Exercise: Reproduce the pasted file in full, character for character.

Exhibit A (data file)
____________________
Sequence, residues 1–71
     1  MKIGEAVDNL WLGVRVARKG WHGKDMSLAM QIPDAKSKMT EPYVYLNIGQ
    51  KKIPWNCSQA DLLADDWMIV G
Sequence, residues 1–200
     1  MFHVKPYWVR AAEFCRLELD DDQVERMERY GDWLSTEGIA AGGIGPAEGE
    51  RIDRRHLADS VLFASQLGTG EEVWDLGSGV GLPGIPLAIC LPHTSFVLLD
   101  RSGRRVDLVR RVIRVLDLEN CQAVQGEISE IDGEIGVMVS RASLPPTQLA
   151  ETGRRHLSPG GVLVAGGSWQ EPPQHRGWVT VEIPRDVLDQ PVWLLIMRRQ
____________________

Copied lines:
Sequence, residues 1–71
     1  MKIGEAVDNL WLGVRVARKG WHGKDMSLAM QIPDAKSKMT EPYVYLNIGQ
    51  KKIPWNCSQA DLLADDWMIV G
Sequence, residues 1–200
     1  MFHVKPYWVR AAEFCRLELD DDQVERMERY GDWLSTEGIA AGGIGPAEGE
    51  RIDRRHLADS VLFASQLGTG EEVWDLGSGV GLPGIPLAIC LPHTSFVLLD
   101  RSGRRVDLVR RVIRVLDLEN CQAVQGEISE IDGEIGVMVS RASLPPTQLA
   151  ETGRRHLSPG GVLVAGGSWQ EPPQHRGWVT VEIPRDVLDQ PVWLLIMRRQ